Terisa, 41, is at the center of this particular polyamorous cluster. A filmmaker and actress, she is well-spoken, slender and attractive, with dark, shoulder-length hair, porcelain skin—and a powerful need for attention. Twelve years ago, she started datingScott, a writer and classical-album merchant. A couple years later, Scott introduced her to Larry, a software developer at Microsoft, and the two quickly fell in love, with Scott's assent. The three have been living together for a decade now, but continue to date others casually on the side. Recently, Terisa decided to add Matt, a London transplant to Seattle, to the mix. Matt's wife, Vera, was OK with that; soon, she was dating Terisa's husband, Larry. If Scott starts feeling neglected, he can call the woman he's been dating casually on the side. Everyone in this group is heterosexual, and they insist they never sleep with more than one person at a time.
It's enough to make any monogamist's head spin. But the traditionalists had better get used to it.
I'm no fan of monogamy, as everyone knows, and I'm only a "traditionalist" when it comes to crème brûlée (stick with vanilla, please—all those lavender, ginger, anise, and rose brûlées taste like your grandma's soap), but the arrangement detailed above makes my head spin. I don't think that anyone in this cluster is doing anything wrong, of course, and I believe that people should be free to make whatever romantic arrangements they care to—even when children are present. Children need stability and structure; constancy is the one parental virtue that doesn't get the attention it deserves. A stable poly triad can provide that. And if religious nuts have an absolute right to teach their kids that the earth is 6000 years old and that Jesus rode a dinosaur and that God wants them to wear magic underpants—and teach their gay kids to hate themselves—then Terisa's crew can raise their kid(s) to believe that it's possible to be in love with, and to be loved by, more than one person at a time.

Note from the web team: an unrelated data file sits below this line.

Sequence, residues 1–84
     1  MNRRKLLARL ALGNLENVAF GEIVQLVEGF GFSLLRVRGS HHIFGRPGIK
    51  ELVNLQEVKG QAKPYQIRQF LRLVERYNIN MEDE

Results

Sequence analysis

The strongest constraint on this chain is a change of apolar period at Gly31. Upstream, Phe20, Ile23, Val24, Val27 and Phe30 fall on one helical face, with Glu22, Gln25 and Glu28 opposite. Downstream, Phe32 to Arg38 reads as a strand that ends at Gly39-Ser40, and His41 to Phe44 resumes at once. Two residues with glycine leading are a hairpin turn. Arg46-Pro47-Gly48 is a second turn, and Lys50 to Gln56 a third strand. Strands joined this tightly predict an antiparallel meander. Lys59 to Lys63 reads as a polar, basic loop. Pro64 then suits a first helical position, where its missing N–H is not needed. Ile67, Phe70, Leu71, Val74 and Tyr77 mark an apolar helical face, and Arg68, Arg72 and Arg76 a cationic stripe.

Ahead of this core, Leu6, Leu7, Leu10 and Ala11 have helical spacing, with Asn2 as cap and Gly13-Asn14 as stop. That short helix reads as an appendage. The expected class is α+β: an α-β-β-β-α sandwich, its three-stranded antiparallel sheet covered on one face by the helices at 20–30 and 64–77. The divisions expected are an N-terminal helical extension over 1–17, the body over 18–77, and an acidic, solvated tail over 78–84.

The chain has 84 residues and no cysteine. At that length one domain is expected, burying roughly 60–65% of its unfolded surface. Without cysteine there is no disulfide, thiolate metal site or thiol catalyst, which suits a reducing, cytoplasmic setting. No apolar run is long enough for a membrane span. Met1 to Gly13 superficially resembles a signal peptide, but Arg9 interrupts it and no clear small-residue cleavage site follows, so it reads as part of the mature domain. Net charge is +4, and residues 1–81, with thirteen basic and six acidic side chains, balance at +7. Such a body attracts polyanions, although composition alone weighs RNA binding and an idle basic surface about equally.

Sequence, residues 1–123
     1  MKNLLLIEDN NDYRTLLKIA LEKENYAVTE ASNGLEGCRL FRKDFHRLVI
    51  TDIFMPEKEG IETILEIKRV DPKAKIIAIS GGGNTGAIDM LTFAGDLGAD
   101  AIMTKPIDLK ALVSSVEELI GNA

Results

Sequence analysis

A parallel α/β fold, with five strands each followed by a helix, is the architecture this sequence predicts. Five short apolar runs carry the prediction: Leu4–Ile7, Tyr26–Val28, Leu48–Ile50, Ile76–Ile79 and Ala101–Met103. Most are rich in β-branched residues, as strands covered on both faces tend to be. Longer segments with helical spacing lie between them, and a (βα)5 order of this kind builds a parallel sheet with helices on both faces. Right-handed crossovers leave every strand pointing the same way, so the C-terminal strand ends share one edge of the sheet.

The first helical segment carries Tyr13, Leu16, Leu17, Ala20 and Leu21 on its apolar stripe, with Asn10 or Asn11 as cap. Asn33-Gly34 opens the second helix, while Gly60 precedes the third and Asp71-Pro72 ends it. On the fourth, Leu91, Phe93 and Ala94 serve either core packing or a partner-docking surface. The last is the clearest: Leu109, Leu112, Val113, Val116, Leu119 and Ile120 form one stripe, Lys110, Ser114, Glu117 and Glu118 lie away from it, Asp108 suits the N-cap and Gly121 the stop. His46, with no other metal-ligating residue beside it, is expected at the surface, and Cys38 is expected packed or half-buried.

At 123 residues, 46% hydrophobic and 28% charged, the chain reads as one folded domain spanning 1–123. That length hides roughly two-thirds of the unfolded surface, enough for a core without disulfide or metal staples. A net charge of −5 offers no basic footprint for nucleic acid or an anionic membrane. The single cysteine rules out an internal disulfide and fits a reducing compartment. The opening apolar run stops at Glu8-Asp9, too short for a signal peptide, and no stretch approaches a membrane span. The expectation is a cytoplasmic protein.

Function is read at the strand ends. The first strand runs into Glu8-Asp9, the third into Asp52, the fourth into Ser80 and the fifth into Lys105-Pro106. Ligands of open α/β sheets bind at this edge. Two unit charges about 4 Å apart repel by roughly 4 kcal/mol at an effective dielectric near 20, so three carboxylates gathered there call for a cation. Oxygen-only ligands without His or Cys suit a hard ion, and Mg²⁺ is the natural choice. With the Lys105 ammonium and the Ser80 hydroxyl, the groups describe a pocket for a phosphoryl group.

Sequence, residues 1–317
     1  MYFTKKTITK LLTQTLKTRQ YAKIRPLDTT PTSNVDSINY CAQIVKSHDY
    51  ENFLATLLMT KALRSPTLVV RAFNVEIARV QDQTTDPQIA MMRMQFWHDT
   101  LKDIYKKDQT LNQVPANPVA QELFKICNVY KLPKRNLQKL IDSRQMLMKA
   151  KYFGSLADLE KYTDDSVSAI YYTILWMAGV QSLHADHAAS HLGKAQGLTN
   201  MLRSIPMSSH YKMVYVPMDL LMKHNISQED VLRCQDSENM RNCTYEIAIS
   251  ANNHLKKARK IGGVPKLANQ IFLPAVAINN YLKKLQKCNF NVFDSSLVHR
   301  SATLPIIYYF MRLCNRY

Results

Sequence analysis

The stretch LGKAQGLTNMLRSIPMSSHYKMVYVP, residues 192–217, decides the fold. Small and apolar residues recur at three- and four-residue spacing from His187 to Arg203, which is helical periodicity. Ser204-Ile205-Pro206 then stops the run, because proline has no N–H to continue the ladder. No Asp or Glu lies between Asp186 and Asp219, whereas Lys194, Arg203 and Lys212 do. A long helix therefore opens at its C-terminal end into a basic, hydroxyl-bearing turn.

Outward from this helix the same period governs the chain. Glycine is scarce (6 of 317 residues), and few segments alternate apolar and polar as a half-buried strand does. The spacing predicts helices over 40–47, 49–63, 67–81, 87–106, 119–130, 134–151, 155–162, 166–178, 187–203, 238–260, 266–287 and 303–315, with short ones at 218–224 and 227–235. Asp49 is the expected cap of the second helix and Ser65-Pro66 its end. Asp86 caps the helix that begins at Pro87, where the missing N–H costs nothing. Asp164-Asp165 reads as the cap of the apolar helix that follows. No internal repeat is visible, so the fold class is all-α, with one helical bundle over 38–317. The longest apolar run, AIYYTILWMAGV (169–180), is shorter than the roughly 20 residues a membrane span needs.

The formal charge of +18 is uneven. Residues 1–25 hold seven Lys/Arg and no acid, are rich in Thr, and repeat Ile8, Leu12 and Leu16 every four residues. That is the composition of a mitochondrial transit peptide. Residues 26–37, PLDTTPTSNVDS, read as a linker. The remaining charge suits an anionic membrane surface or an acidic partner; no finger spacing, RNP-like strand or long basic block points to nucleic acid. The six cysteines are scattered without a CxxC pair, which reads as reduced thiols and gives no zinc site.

A polyamorous relationship that doesn't involve a massive conspiracy to enslave, brainwash, and rape young girls—looking at you, FLDSers—should be able to provide the stability that a kid or kids require. And before traditionalists explode at Terisa, et. al, they might want to look at the divorce rate among religious "traditionalists," and pause to consider kids with one mom and one dad whose lives are turned upside down when their "traditionalists" parents divorce. If honest non-monogamy and a secular, enlightened, egalitarian polyamory can keep a kid's parents from sabotaging their bond out of sheer boredom or a frustrated desire for some sexual and emotional variety, that may be to a kid's ultimate benefit.
But I wouldn't be capable of living in a polyamorous triad or quad or quint. There are just too many moving parts, too many personalities involved. My boyfriend and I prefer a traditional family structure—one couple, married, living under the same roof, raising a kid—and we have very traditional views when it comes to adultery, i.e., it's okay when husbands do it. And since neither of us is the wife...